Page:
New book analyses origins of Canadian bankruptcy laws
Western Law professor Thomas Telfer’s new book Ruin and Redemption: The Struggle for a Canadian Bankruptcy Law, 1867-1919 analyses the ideas, interests and institutions that shaped the evolution of Canadian bankruptcy law.
It details the constitutional and legislative history of insolvency law and examines the vigorous public debates over the idea of bankruptcy.
“Modern bankruptcy scholarship has long moved past the question of ‘whether bankruptcy law should exist at all’ and has now focused on ‘how much it should do’. But in late 19th and early 20th century Canada, the central question was whether there should be a bankruptcy law at all,” says Telfer.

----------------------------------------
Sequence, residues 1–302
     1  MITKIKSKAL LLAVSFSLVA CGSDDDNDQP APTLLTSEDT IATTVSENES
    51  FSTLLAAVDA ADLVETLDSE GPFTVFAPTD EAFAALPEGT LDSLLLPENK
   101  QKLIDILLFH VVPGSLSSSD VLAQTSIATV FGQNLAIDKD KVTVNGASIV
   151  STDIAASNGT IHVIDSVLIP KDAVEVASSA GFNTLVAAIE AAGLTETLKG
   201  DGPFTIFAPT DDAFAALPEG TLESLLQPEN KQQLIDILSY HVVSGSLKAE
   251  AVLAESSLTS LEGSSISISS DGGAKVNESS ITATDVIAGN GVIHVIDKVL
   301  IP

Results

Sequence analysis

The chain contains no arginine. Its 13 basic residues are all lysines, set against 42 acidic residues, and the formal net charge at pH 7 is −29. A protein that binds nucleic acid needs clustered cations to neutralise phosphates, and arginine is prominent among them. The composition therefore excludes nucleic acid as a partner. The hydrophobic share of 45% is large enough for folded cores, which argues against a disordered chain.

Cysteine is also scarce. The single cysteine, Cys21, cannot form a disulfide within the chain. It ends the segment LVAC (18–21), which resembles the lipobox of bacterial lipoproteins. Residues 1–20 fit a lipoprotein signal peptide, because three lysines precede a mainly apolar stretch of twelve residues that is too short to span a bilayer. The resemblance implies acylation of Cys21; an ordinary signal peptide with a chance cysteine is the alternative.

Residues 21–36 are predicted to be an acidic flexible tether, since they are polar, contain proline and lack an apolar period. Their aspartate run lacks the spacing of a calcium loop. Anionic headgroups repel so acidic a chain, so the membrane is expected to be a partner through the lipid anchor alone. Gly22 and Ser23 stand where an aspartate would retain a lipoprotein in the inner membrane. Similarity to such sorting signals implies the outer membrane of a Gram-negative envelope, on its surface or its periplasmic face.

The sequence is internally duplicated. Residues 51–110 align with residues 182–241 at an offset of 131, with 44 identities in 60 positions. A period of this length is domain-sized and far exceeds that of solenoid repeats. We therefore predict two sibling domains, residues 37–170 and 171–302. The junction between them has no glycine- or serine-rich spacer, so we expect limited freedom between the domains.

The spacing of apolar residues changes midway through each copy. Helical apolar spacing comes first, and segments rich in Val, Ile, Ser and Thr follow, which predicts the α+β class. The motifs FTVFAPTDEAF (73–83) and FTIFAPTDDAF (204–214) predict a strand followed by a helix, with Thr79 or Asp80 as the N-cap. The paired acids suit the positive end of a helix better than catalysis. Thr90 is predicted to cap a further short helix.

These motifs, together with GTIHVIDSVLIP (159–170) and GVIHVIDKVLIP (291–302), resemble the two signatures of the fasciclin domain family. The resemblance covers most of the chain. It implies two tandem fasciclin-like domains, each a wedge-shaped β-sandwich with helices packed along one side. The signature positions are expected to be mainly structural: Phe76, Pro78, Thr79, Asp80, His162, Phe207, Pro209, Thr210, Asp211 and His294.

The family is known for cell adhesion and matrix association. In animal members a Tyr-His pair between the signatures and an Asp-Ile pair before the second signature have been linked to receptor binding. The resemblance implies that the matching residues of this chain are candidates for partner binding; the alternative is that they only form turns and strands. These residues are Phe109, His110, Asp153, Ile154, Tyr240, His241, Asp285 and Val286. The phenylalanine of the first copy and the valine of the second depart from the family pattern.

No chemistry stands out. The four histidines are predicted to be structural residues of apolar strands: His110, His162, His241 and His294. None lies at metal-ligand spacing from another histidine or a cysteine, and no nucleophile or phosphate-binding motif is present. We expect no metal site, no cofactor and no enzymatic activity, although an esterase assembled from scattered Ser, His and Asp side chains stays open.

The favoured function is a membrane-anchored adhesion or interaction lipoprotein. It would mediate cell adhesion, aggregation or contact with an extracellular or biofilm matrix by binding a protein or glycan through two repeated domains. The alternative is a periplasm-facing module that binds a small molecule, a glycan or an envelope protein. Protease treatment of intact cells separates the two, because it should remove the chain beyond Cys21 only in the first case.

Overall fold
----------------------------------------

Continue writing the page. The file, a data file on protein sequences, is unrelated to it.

“It is rare to find a work on commercial law that animates the law and its history by drawing insight from political debate, social context and commentary, economic analysis and literature, as well as legislation, case law, and parliamentary records,” says Tamara Buckwold of the Faculty of Law, University of Alberta. “Ruin and Redemption is a valuable addition to the legal and historical literature on insolvency law.”
Ruin and Redemption: The Struggle for a Canadian Bankruptcy Law, 1867-1919 was officially launched at an event hosted by the Osgoode Society for Canadian Legal History on November 4. The Osgoode Society was established in 1979 to promote the publication of work on the history of Canadian law, and to create and preserve an oral history archive.